Hyperandrogenism, unfair advantage and the myth of the level playing field in competition

In this paper, published on the American Journal of Bioethics and co-authored with Katrina Karkazis (Department of Biomedical Ethics, Stanford), Rebecca Jordan-Young (Barnard College, NYC), and Georgiann Davis (Southern Illinois University), I analyse and question the 2011 IAAF  policies on the eligibility of female athletes with hyperandrogenism to compete in the female category.

Caster Semenya

Caster Semenya

We argue that the policies are  flawed on at least three grounds: 1) the underlying scientific assumptions; 2) the policy-making process; and 3) the concept of fairness for female athletes, and that they should be withdrawn.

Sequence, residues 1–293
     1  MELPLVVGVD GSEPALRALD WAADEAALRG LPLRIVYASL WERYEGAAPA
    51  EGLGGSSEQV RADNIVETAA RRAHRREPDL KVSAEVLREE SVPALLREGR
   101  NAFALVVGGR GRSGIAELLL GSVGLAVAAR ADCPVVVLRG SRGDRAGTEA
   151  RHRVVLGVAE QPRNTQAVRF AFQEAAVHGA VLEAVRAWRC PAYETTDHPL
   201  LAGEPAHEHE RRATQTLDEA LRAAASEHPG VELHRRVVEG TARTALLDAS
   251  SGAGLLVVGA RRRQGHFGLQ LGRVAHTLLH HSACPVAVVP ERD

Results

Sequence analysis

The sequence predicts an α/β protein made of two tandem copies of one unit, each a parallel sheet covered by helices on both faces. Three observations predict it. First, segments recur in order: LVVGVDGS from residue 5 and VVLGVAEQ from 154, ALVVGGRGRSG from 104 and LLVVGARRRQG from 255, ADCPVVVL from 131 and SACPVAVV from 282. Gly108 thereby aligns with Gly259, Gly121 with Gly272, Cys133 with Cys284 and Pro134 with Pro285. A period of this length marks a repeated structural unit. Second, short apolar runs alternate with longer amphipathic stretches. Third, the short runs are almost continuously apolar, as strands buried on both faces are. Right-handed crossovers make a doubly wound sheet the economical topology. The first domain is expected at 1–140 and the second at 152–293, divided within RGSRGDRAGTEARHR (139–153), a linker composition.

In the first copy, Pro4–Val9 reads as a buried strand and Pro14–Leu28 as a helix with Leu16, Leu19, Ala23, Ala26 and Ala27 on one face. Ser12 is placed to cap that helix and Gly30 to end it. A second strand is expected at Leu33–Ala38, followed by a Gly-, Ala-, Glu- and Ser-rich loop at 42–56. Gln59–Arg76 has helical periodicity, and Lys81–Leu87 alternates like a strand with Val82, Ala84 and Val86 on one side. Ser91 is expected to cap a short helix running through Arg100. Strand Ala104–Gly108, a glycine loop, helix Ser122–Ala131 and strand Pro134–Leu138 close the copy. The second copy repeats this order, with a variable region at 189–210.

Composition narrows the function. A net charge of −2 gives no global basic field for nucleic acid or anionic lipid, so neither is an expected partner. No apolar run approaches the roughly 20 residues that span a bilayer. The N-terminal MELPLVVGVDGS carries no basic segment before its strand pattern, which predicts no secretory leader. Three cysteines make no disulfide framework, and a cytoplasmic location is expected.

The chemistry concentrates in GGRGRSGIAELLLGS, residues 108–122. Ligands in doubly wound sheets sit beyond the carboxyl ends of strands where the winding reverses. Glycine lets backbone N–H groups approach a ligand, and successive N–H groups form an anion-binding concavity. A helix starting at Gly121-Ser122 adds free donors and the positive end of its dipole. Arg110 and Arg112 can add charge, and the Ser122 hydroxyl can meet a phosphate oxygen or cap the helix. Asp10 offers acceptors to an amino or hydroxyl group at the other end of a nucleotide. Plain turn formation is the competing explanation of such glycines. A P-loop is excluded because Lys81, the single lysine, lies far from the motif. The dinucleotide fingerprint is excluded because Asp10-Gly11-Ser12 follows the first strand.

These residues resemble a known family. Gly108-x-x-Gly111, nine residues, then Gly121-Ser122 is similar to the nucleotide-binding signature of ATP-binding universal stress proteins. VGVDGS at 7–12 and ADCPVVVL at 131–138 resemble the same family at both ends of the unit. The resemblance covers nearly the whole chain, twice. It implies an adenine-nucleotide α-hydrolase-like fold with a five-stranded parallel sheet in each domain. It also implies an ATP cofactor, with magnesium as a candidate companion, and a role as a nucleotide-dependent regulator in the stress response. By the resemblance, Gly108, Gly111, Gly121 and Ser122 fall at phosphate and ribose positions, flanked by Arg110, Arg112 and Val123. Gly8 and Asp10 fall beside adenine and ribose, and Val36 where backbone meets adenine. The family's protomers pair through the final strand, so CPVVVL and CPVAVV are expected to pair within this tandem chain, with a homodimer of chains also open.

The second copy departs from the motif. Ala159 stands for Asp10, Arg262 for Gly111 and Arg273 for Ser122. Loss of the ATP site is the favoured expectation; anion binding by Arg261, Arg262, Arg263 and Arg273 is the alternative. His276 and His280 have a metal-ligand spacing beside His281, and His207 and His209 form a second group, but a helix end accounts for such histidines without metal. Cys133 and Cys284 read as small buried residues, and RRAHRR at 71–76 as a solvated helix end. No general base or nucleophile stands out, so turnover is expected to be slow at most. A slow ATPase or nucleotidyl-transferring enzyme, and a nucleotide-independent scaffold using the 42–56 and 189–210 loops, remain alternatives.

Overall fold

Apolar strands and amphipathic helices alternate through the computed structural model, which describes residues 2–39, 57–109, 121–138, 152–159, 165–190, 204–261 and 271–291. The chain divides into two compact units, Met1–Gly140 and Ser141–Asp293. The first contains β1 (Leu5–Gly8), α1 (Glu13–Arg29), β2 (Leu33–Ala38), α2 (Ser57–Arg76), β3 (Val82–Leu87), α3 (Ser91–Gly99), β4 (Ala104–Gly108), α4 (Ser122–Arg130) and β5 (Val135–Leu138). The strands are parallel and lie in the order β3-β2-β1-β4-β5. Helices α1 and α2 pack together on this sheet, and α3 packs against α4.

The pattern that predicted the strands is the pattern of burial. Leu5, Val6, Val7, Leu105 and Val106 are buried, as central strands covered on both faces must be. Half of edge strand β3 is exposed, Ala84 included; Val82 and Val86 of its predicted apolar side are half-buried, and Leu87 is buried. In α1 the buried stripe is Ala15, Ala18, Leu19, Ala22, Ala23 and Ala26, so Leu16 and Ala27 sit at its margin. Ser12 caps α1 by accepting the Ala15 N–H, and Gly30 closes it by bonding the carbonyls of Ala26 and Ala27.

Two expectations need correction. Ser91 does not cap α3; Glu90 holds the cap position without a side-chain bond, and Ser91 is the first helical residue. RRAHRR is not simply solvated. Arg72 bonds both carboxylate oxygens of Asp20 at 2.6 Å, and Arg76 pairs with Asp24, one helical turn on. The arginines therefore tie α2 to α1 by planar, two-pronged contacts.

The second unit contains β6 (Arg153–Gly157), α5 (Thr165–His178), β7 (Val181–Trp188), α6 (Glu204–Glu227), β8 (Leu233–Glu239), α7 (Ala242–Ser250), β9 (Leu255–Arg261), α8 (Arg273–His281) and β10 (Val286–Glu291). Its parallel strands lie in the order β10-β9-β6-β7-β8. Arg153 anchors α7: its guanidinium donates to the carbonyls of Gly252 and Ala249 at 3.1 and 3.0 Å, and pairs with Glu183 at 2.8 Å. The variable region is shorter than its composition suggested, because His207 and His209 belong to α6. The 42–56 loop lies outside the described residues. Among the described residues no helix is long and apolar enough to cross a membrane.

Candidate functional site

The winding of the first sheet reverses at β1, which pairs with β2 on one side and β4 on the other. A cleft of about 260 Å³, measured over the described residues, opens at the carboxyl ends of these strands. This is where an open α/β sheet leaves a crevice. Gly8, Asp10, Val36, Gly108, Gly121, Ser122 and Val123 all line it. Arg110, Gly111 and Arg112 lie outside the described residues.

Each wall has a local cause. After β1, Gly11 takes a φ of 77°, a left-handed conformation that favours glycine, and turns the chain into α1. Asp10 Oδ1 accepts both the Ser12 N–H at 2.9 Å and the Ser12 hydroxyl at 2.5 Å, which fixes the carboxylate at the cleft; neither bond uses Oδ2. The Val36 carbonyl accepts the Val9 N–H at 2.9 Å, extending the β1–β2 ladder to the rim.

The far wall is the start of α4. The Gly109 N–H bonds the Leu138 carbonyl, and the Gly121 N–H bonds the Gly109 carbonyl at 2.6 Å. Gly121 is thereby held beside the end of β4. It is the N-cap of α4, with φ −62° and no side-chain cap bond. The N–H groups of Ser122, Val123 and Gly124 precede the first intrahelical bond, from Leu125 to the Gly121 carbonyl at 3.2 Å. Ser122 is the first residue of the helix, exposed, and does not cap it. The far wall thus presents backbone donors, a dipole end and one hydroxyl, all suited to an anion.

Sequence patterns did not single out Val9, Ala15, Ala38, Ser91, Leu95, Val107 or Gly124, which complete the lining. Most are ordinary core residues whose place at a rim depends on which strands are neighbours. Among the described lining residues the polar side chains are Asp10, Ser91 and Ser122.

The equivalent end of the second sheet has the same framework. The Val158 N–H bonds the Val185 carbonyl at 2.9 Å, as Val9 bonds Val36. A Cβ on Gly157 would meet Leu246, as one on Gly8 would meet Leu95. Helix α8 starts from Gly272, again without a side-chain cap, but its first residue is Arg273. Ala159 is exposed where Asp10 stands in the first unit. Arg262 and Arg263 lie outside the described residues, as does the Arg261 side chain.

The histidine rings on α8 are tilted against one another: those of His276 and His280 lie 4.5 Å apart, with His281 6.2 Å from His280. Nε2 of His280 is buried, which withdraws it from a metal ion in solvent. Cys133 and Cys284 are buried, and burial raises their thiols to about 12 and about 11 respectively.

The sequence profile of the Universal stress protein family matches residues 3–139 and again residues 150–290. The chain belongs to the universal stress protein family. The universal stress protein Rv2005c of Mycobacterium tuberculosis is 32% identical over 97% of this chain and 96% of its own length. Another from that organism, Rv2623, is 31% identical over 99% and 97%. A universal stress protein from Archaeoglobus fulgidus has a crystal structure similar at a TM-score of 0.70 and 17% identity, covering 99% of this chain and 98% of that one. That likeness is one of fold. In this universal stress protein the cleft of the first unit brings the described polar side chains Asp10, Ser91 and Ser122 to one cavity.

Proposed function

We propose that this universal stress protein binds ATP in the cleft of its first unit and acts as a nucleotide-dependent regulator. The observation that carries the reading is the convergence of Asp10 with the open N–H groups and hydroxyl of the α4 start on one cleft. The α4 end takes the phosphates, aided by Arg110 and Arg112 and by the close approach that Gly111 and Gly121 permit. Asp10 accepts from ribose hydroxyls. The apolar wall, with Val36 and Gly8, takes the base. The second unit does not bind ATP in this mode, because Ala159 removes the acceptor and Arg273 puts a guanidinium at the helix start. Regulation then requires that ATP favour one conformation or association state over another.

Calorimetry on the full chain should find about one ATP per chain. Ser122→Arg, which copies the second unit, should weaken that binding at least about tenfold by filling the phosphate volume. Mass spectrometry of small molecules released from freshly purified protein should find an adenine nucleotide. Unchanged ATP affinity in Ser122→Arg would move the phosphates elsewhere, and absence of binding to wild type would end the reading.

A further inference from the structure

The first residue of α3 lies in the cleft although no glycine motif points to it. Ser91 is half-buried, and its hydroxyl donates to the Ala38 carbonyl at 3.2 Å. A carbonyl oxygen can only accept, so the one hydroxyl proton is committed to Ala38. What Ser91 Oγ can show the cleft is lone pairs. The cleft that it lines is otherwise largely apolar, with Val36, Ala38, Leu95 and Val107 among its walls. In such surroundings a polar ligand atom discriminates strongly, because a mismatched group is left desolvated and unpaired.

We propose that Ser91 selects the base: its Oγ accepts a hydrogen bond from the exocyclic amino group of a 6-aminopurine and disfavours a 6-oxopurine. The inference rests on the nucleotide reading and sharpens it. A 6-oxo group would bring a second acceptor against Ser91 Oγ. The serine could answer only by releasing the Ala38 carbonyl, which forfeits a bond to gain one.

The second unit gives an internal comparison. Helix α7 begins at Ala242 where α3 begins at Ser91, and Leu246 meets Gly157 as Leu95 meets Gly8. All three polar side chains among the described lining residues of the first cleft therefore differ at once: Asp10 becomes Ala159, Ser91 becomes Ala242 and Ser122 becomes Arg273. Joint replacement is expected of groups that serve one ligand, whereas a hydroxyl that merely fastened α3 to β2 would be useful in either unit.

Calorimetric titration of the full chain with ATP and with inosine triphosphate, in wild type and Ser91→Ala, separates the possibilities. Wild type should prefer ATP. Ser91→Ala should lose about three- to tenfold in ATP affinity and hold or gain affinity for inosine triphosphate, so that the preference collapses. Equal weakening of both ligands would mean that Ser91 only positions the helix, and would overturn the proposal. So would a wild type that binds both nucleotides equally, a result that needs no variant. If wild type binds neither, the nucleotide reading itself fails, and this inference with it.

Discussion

The new IAAF policies aim at  isolating the presumed positive effect of increased androgen levels on athletic performance from a myriad of other factors. However, as we show in the paper, such a move is logically flawed, and consequently, the new regulations themselves are logically flawed—it is impossible to reduce the complexity of athletic excellence to a univocal relationship between androgen levels and performance.

Read more: my post for Somatosphere.

Karkazis K, Jordan-Young R, Davis G, Camporesi S. (2012) Out of bounds? A critique of the new policies on hyperandrogenism in elite female athletes,  Am Journal Bioethics; 12(7):3-16

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